Philadelphia is a city filled with abundant talent and artistic potential, especially when it comes to the city's vibrant music scene. However, Philadelphia-based musicians often find themselves faced with a lack of opportunities to showcase their original works.
The Painted Bride has been presenting jazz through its Jazz on Vine series for over 20 continuous years. Though not a regular jazz venue, the Bride has always been known for its eclectic programs and open-minded approach to presenting modern artists within contexts which may not otherwise exist. Fresh Cut From the Vine is the next installment of the Bride's Jazz on Vine series. The Bride gave three Philadelphia-based musicians free reign to compose a full program of original music. The only artistic guidance provided by the venue was that the performance needed to involve ten musicians.
to lead the project as composers and ensemble coordinators. All three are up and coming leaders on the Philadelphia music scene, but have established themselves thoroughly as sidemen throughout the past several years.
Musically, the performance certainly highlighted the diverse backgrounds of the Composers, while still allowing for the open improvisation that is standard within most jazz contexts. The show began with Marshall's "Sanguine?," based on a simple framework taking up about half a page of written music. Marshall's tunes, two of which were featured during the evening's performance, were typically little more than musical sketches which were then augmented by the distinct contributions of the musicians in the band. By maintaining an open approach to composition, Marshall's tunes clearly lend themselves easily to lengthy improvisations and intriguingly contrasting interpretations upon repeat performances.
By comparison, Lawrence's contributions seem to pull largely from the jazz tradition. His "Uptown Romance" contained a Duke Ellington
-esque melody, easily memorable upon the theme's first statement. Lawrence also contributed the Latin-themed "Frederico," with precise rhythmic hits and a melody harmonized across the various horns. This tune was brought to life mainly through intelligent orchestration, with a particular focus on each instrument's specific timbre. By utilizing the entire band effectively to state the melody and imply the underlying harmony, Lawrence heightened the natural details present in the chart. Nuanced orchestration is often ignored in small ensemble jazz contexts, but Lawrence demonstrated the extended possibilities of part writing, both artistically and effectively.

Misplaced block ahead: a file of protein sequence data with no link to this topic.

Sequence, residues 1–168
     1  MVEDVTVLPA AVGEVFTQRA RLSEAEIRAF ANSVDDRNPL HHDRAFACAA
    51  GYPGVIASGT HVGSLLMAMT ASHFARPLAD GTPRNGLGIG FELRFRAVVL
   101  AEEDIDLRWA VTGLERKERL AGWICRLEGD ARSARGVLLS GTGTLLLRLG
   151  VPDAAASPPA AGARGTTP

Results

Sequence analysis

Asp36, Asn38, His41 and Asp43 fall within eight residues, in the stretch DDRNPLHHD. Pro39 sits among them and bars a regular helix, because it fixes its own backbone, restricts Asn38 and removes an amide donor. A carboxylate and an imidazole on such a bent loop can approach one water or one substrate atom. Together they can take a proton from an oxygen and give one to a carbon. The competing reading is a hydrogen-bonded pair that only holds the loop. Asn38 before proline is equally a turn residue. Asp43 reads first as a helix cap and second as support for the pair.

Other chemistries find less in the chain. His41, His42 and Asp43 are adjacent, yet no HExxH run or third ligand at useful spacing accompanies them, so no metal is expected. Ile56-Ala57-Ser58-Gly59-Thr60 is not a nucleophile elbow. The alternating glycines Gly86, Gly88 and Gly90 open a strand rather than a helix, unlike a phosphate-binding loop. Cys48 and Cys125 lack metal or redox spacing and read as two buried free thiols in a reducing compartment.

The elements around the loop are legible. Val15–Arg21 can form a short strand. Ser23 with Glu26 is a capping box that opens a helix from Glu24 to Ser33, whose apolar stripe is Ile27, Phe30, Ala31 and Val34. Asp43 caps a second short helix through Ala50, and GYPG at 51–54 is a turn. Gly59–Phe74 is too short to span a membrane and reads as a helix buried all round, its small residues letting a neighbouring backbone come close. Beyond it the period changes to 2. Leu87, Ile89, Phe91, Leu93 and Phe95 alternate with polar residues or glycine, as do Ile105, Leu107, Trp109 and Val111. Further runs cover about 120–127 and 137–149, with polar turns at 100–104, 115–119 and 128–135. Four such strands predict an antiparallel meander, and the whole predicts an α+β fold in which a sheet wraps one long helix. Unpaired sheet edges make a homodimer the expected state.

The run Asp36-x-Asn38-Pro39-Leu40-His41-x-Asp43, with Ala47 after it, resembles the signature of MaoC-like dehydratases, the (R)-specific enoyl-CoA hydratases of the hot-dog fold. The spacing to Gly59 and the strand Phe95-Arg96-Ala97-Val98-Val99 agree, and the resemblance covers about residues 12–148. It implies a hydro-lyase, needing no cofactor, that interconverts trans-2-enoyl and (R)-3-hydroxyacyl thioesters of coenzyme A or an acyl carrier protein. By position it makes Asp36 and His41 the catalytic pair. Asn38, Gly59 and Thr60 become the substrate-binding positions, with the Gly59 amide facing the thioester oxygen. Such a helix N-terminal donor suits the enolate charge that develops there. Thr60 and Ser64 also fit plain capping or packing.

Fraticelli, perhaps the most eclectic instrumentalist among the band, contributed the lengthy "The Mother's Suite," which closed the first set, twisting and turning through several stylistic shifts. Certain sections contained ECM-inspired free improvisations, while others were held down by thick funk grooves and strong horn accompaniments. Fraticelli also performed on the cuatro, composing "My Summer in Puerto Rico" and co-arranging the Puerto Rican folk standard "El Gallo y la Gallina" with Lawrence as features for his skills on the ten-stringed Puerto Rican instrument that was somewhat similar to a small guitar. Fraticelli's musical interests obviously extend far beyond the jazz idiom, but his ability to play the cuatro authentically, while composing a work in the style of its home country, demonstrated a thorough study of the music akin to that of a serious student of either jazz or classical music. It is rare that such a complete level of proficiency can be attained on multiple instruments, especially when not indigenous to the musician's native country.
The enthusiastic response and large turnout for this event can hopefully serve to inspire future projects aimed at promoting original jazz in Philadelphia. With the city's jazz-friendly venues dwindling, it may soon be necessary for musicians to begin expanding their horizons towards coordinating special performance such as the Jazz on Vine series. Though some Philadelphia-based organizations promise to work towards finding new performance spaces and booking emerging artists, few, if any, have done so as effectively as the Painted Bride. The music performed at this event demonstrated the high level of talent which can be found throughout Philadelphia's creative music scene. With so much new music being written, it is the opportunity to perform that so many musicians find themselves without. Hopefully, this performance can serve as the basis for an expanded roster of jazz events throughout the city's remaining venues. For now, it is the Painted Bride which leads the way in presenting new jazz.